Objective: The aim of the study was to evaluate the feasibility of a prehospital trial comparing hypertonic saline and dextran (HSD) with normal saline (NS) in blunt head injury patients.
Design: The study used a double blind randomized trial.
Setting: The study was conducted in air and land emergency medical services and 2 trauma centers serving a population of 4 million people.
Patients: The study population consisted of head injured, blunt trauma adult patients with a Glasgow Coma Scale of lower than 9.
Interventions: We used 250 mL of HSD vs NS given within 4 hours of the accident.
Measurements: The specific objectives were to assess protocol-related logistical issues, randomization, HSD safety, and follow up rates and to obtain survival and neurocognitive end point estimates.
Main results: Of 132 eligible patients, 113 were randomized. Nineteen eligible patients were missed because of lack of time (9 [22%]), paramedic discretion (3 [7%]), the paramedic forgot (6 [15%]), and the paramedic refused (1 [2%]). Randomization compliance was 96% (109/113). Four randomized cases met exclusion criteria: penetrating trauma (1), cardiac arrest (2), and fall from standing (1). Three randomized patients were excluded from the final analysis: 2 patients received less than 50 mL of study solution due to an interstitial intravenous line and 1 lost randomization identification. Fifty patients (47%) were randomized to HSD and 56 (53%) to NS. Mean injury severity score was 32.7 for HSD and 32.6 for NS. There was no difference in length of stay, Sequential Organ Failure Assessment maximum, Multiple Organ Dysfunction Score maximum, delta Multiple Organ Dysfunction Score, or Apache scores. Initial head scans scored 3 or higher by Marshall classification for 12 HSD and 11 NS patients. Zero adverse events occurred, and follow-up for the primary outcome was 100%. Alive at 30 days for HSD and NS, respectively, was 70% (35/50) and 75% (42/56) and at discharge was 68% (34/50) and 73% (41/56). Only 49.3% (37/77) of surviving patients consented to follow-up at 4 months and 89% (33/37) completed the assessment. Disability rating scale (median, interquartile range) was 3 (0, 6) for HSD and was 0 (0, 6) for NS. Glasgow Outcome Scale Evaluation was higher than 4 for HSD (12/12 [100%]) and NS (15/21 [72%]). Functional Independence Measure (mean, SD) was 62 (37) for HSD and 80 (32) for NS.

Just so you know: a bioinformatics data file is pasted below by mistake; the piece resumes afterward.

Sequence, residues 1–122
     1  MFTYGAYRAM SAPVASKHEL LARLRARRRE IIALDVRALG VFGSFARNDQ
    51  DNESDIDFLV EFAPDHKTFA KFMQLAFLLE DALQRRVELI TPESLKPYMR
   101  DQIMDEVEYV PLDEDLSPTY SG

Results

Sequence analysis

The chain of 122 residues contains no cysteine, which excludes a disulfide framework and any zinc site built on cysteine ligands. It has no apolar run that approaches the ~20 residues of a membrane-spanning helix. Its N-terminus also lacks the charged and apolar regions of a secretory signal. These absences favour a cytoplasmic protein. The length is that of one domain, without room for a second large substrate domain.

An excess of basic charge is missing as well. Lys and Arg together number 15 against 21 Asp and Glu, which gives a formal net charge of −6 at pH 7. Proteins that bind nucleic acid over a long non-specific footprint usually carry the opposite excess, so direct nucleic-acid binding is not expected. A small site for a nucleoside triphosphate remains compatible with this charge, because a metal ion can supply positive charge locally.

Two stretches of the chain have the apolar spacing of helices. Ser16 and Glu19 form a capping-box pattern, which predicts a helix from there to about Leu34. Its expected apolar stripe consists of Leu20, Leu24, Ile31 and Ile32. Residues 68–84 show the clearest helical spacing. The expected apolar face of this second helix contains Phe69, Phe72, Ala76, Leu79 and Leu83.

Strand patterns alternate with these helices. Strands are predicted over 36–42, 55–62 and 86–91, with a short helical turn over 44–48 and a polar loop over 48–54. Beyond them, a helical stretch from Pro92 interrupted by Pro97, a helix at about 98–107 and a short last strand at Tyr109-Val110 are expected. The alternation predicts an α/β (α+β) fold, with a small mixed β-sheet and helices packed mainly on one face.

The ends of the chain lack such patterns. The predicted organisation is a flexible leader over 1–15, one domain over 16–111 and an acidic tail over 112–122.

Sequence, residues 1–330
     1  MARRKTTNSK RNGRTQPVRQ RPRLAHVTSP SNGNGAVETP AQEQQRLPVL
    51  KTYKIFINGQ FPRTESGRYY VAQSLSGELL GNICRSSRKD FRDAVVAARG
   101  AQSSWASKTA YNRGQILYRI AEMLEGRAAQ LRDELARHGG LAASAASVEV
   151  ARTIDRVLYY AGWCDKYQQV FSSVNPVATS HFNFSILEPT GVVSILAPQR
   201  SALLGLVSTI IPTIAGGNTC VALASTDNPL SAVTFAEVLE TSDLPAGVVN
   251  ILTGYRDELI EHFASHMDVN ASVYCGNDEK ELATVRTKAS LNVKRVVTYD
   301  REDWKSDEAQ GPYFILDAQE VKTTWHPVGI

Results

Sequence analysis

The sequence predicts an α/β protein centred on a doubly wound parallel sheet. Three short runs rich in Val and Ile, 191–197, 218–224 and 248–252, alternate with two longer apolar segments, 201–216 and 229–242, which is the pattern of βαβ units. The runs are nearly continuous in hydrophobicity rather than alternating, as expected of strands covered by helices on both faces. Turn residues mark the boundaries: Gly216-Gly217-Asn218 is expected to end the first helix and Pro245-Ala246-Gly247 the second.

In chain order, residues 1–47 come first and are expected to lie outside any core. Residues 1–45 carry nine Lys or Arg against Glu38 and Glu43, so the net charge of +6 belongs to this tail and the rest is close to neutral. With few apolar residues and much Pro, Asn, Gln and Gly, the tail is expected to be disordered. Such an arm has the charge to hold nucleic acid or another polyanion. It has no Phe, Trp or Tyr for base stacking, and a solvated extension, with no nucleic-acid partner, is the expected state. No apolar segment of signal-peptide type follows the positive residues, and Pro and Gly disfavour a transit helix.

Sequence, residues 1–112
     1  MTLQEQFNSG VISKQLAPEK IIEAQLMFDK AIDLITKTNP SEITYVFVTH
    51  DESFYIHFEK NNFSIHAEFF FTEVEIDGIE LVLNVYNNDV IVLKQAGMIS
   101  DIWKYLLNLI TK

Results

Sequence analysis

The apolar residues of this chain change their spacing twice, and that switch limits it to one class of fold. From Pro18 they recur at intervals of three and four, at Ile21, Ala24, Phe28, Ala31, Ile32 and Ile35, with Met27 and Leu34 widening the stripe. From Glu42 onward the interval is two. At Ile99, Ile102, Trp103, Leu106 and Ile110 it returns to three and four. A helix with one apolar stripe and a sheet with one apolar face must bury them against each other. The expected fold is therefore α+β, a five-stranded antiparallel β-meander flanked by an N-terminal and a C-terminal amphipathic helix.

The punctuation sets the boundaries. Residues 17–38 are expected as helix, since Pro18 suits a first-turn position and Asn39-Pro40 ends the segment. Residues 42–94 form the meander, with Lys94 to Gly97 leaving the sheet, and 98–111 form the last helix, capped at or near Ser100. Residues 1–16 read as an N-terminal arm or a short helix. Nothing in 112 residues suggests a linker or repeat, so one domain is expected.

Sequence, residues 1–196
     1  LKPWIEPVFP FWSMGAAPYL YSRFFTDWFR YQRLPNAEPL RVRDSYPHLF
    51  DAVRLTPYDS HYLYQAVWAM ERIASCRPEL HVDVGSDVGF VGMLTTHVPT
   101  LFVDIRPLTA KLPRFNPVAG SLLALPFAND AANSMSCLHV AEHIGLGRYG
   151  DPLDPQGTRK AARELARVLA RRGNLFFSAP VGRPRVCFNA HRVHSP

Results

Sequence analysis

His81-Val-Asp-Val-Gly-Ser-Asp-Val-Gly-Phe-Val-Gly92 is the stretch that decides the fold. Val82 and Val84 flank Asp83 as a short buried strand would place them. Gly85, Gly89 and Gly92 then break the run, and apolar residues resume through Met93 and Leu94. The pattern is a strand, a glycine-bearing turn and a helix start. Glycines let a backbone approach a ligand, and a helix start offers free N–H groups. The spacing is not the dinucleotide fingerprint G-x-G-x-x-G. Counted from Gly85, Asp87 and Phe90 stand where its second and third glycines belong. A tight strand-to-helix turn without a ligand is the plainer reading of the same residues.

Conclusions: It is feasible to conduct a prehospital randomized controlled trial with HSD for treatment of blunt trauma patients with head injuries; however, consent for neurofunctional outcomes in this cohort is problematic and threatens the feasibility of definitive trials using these potentially meaningful end points.
Copyright © 2011 Elsevier Inc. All rights reserved.